When religious people learn their own philosophy and their own system, they feel comfortable, superficially comfortable, but I think this comfort is a wrong conception. This comfort is like a Nepalese family living in a comfortable house and thinking, “There’s no more comfortable house in the world.” That’s not true, actually. They haven’t seen American luxury houses, Western-style houses, therefore, they think they are right. They think that is the right way to live their life. Anyway, they’re lucky if they think that way, aren’t they? But even so, it’s a wrong conception, isn’t it? Even though it is purely a wrong conception, maybe it’s right for them. This is only my observation, that religious people make some kind of comfortable house and they feel, “God is there, Jesus is there and the Holy Spirit is there,” whereas Buddhists believe, “Buddha is there; this is my Buddha. This is the Tibetan buddha and the Tibetan buddha is the only buddha.”
We make some kind of comfortable house—our spiritual house—and then we live inside that. When we leave our religious house and look at other things, we find them very strange. We feel scared or paranoid, and we don’t understand and then it is too much; we have no tolerance. We are completely bound by our relative, limited concept of our own religious orientation, our own religious philosophical bondage, and we can’t see beyond that. So, that’s a good example for us.
When Tibetan Buddhism talks about—I don’t know—about Tibetan buddhas or Tibetan thangkas, for us it is very strange, isn’t it? Don’t you think it’s strange? I agree! We almost cannot accept that there is a Tibetan buddha. There is no room for this idea. I think for us it is not possible that there is a Tibetan bodhisattva, and we think there is no Buddha, no Dharma. Or, when we accept Tibetan Buddhism, we think, “This is the only thing.”
This is an extreme concept. First there is difficulty in accepting it, then having accepted it we think it is the only way. It is very difficult when we are so ignorant, because when we are a little bit open we have terrible misconceptions. What can I say? It’s so complicated. It’s silly and I can see some problems with that. So, when we accept any religion or any trip, we accept it somehow in a narrow way and then we have no room for other things.
For example, for Tibetan Buddhist people is there any Inji refuge object? They never draw Injis. And in the refuge tree, is there an Inji, a Westerner? There is no Westerner, unfortunately. Are there Japanese men? There are no Japanese men. Is there a Chinese buddha? Actually, there is no Chinese buddha, is there? There is no Korean buddha, there is no Ceylonese buddha. Now we’re not sure. How can we say there is no Chinese buddha, no Japanese buddha? How can we say there is no English buddha or bodhisattva? Can we say that? How can we say there is no bodhisattva in the Christian religion? Can we say it? I cannot say it—maybe you can say it! Sure, in the Christian religion there must be bodhisattvas. In the Muslim religion there must be bodhisattvas. I truly believe this. In the Hindu religion there must be bodhisattvas, there must be buddhas. There must be. Can you see that or not?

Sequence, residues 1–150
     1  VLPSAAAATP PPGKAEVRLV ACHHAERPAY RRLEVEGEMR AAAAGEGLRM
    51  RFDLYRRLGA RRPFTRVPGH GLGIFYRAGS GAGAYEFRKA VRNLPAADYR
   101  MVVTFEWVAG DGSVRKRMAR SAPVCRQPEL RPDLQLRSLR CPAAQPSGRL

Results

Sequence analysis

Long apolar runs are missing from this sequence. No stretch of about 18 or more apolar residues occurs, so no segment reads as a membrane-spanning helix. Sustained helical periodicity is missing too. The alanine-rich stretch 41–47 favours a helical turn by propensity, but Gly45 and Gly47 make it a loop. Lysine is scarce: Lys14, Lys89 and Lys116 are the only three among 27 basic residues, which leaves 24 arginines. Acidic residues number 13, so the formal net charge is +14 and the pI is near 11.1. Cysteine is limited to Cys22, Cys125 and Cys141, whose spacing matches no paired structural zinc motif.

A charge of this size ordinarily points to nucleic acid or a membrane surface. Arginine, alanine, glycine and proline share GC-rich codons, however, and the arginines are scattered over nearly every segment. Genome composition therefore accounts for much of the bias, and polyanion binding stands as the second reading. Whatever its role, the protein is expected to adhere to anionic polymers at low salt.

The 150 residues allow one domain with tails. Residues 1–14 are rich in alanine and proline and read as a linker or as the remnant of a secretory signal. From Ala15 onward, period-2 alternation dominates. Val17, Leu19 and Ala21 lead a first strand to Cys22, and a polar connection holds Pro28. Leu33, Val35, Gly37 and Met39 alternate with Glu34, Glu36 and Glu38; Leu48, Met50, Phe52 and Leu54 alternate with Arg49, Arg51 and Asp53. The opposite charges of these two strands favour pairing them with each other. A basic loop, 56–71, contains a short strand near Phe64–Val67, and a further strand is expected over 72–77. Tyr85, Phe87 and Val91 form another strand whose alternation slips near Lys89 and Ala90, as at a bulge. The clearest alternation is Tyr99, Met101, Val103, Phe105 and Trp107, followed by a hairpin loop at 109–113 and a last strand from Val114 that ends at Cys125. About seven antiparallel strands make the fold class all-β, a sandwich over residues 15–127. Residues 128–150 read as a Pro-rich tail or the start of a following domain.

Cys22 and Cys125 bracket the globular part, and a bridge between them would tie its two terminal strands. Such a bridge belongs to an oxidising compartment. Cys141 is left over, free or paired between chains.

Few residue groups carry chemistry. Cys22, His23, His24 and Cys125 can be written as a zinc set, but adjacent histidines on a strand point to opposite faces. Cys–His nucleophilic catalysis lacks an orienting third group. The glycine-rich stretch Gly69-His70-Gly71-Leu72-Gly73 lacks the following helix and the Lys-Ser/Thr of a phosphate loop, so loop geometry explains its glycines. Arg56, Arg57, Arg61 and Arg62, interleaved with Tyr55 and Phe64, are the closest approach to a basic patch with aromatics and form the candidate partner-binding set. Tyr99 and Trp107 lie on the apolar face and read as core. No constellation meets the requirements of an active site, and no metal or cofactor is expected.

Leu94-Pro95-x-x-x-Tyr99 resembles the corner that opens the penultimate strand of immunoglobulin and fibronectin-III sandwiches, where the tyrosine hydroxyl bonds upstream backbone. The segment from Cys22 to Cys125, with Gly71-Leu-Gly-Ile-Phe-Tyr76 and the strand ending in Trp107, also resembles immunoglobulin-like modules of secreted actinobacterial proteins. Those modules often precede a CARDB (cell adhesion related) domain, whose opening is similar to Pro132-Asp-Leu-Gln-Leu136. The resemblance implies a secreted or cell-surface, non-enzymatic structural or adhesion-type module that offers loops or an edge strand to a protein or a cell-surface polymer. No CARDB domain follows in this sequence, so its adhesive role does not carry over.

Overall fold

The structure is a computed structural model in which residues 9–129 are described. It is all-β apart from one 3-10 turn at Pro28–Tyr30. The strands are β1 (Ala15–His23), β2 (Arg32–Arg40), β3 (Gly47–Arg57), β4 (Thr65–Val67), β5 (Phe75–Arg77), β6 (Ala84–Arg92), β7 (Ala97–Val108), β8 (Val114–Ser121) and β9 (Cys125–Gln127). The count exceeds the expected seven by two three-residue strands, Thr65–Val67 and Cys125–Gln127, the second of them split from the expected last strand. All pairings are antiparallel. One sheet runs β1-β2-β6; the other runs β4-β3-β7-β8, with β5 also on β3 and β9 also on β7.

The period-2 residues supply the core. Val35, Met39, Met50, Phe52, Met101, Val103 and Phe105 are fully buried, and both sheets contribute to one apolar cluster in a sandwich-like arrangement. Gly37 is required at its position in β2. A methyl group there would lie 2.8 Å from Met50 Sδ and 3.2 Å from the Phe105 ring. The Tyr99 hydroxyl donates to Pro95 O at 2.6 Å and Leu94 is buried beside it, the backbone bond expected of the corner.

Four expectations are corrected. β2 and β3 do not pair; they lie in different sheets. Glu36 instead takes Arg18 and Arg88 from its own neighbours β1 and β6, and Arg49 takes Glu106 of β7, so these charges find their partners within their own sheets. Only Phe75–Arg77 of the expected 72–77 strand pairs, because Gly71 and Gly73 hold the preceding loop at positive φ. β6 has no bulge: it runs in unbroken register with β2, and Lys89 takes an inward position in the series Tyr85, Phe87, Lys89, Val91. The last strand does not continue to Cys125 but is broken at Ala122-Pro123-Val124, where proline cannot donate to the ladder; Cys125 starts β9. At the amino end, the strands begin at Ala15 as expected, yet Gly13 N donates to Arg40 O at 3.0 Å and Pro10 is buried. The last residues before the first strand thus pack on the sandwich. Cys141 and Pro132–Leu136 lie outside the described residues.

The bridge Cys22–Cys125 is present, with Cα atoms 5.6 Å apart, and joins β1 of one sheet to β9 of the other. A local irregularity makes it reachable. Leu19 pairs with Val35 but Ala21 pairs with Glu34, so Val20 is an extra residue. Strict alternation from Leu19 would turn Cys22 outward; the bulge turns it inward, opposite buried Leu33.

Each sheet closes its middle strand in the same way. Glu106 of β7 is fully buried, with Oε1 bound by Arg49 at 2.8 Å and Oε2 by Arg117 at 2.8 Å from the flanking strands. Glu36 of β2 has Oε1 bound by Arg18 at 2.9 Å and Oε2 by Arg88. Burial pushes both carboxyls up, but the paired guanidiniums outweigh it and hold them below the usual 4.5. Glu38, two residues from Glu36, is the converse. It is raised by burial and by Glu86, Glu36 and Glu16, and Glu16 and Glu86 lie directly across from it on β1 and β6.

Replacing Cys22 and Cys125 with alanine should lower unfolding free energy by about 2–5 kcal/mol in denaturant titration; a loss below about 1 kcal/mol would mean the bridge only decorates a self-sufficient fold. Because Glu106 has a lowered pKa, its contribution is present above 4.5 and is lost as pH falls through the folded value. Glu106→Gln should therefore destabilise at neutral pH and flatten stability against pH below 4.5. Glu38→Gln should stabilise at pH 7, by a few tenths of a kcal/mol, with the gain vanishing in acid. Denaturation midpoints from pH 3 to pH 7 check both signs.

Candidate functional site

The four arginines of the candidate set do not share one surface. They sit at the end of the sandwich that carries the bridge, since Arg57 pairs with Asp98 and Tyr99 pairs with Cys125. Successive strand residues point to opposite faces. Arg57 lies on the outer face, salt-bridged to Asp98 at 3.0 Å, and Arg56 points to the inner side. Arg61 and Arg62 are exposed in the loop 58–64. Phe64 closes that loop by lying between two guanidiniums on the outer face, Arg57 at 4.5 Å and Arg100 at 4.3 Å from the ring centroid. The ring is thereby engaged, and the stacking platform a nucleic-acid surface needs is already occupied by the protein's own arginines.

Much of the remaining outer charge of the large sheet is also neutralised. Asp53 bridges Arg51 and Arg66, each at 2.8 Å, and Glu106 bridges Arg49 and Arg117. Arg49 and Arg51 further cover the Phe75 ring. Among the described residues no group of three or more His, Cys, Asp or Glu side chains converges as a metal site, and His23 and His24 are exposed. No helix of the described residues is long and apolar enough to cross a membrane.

Tibetan intellectual people have an exact answer, but [Christians] are going to say the first stage bodhisattva is not possible because their philosophy holds that there is a self-existent soul. As long as someone keeps the philosophy of a self-existent soul they have no room for realization of the universal understanding of shunyata. Have you heard this philosophy? Intellectual people are going to say “Pham!” They have an intellectual answer. Yes, but we cannot say that all Christians are philosophers. Can we say all Christians are philosophers? No, it’s not true! All Buddhist people are not philosophers anyway, are they? I mean, generally speaking, for example, the Tibetan saint Milarepa was not an intellectual philosopher; he just meditated and passed completely through, cut through [delusion.] So, it can be that a Christian has no Christian philosophy. In the beginning they hold or learn it, but then they give it up, thinking, “This philosophy is too narrow.” Maybe they give it up and they are not concerned with philosophy and just go completely into some kind of universal love and compassion, or something like a Christian way of shunyata.
When we were in Spain with His Holiness the Dalai Lama, we went to a Christian monastery where there are many monks. His Holiness asked somebody, “What is shunyata?” or “What is your point of view of shunyata?” A Christian monk answered, “Not having attachment is shunyata.” I was very impressed. From the Eastern philosophical point of view, it is the wrong answer. What is shunyata? It is non-attachment! Eastern philosophical people would think, “Oh, how foolish!” That’s from a philosophical point of view or framework, but if we look beyond that, he did answer. If we are not concerned with words, he did answer. If somebody does not have attachment, that’s incredible.
Without understanding shunyata there is no way to release attachment. Attachment is the concept which holds as dear our concrete concept of “I,” isn’t it? This is the fundamental thing, and then comes grasping and attachment. I was very happy with the Christian monk’s answer, “Non-attachment is the Christian view of shunyata.” I think that is wonderful; I was very happy. I’m sure you people don’t think Christian people develop non-attachment. Do you people think that way? I think Christianity has unbelievable teachings, but very few are practicing it nowadays. Not so many people are practicing true Christianity. I don’t think so.